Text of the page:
Tapping a principle of quantum mechanics and a medieval-looking nanoparticle, a UK firm has created a composite material that may soon deliver efficient, pressure-sensitive touchscreens to numerous devices. Yorkshire-based Peratech has already licensed the technology to a division of Samsung that provides mobile components to other handset manufacturers, but it's in the growing realm of touchscreen tech where the potential for Quantum Tunneling Composite (QTC) is most exciting.
Phileas Fogg may have hopped aboard hot air balloons, trains, and elephants in his race around the world in 80 days, but future airship passengers need only step aboard the Aircruise for a far shorter and more luxurious travel experience. The 2015 concept for a sky hotel comes courtesy of London designers Seymourpowell, and a commission from Samsung Construction and Trading to make the vision come to life before our eyes in a series of stunning visuals.
Just like that, Abu Dhabi's Masdar City has some competition. On Monday, South Korean officials announced a $14.6 billion plan for a new self-sufficient city, high-tech hub of education and commerce that will be home to some of Korea's biggest corporate names and centers of higher learning.
It's tough to make sense of the maelstrom of gear released at CES. So thick is the swarm of new HDTVs, PMPs and other acronym-bearing curios, that the handful of truly interesting things on display is, well, easy to miss.
Here, we've selected the gadgets that truly impressed us this year. And as is the PopSci way, our picks are not only impressive here in January 2010; they represent a glimpse at what we can expect from the future of consumer electronics.
I still can't decide if this is genius or stupid, but creativity points are definitely due: Samsung's high-end LED 9000 TV will come with a touchscreen remote that enables you to watch TV on the remote while playing a Blu-ray disc on the screen.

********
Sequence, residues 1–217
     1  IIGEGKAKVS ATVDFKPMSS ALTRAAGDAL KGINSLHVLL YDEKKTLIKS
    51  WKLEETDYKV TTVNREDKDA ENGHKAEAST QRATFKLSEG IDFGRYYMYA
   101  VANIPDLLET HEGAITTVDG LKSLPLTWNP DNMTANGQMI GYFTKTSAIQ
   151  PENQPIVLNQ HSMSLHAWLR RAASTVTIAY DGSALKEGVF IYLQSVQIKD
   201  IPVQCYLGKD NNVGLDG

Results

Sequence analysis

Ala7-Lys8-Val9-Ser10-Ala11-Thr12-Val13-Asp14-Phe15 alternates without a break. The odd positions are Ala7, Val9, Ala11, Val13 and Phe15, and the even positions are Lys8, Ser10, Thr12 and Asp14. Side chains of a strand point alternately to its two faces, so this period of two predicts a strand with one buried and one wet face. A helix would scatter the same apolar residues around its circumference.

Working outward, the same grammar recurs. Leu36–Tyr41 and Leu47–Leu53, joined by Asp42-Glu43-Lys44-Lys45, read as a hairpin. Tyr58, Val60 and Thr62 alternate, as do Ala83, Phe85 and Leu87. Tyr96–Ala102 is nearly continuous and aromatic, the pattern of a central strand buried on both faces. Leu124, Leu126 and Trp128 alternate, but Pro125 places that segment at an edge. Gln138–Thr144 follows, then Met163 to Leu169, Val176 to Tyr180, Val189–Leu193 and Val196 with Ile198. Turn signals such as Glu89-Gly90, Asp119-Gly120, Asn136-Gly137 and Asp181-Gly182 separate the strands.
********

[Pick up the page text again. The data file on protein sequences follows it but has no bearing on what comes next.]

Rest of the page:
The 3-D thrill that swept movie theaters last year is now headed for your living room. In the wake of a new Blu-ray standard for high-definition 3-D, Panasonic, Sony and Samsung are all releasing home-theater setups that can display 3-D movies in full high-def glory. Using a combo of 3-D-capable Blu-ray players, TVs and, yes, glasses, the systems are able to deliver separate, full-screen, 1080p pictures to each eye. The technique they use creates a picture as vivid as in a movie theater without requiring a major overhaul of TV technology.
Samsung also rolled out an interesting pair of E-readers today--the E6 and E101 readers feature e-ink screens that refresh fast enough to accommodate on-screen writing with a stylus--a first for the category.
Samsung is going whole hog into 3-D with their newly announced TV lineup, but at the top is the 9000 series: an LED-backlit panel that's just 0.3 inches thin. And on its remote. a color touchscreen that can carry broadcast TV while you watch a Blu-ray disc.
Five amazing, clean technologies that will set us free, in this month's energy-focused issue. Also: how to build a better bomb detector, the robotic toys that are raising your children, a human catapult, the world's smallest arcade, and much more.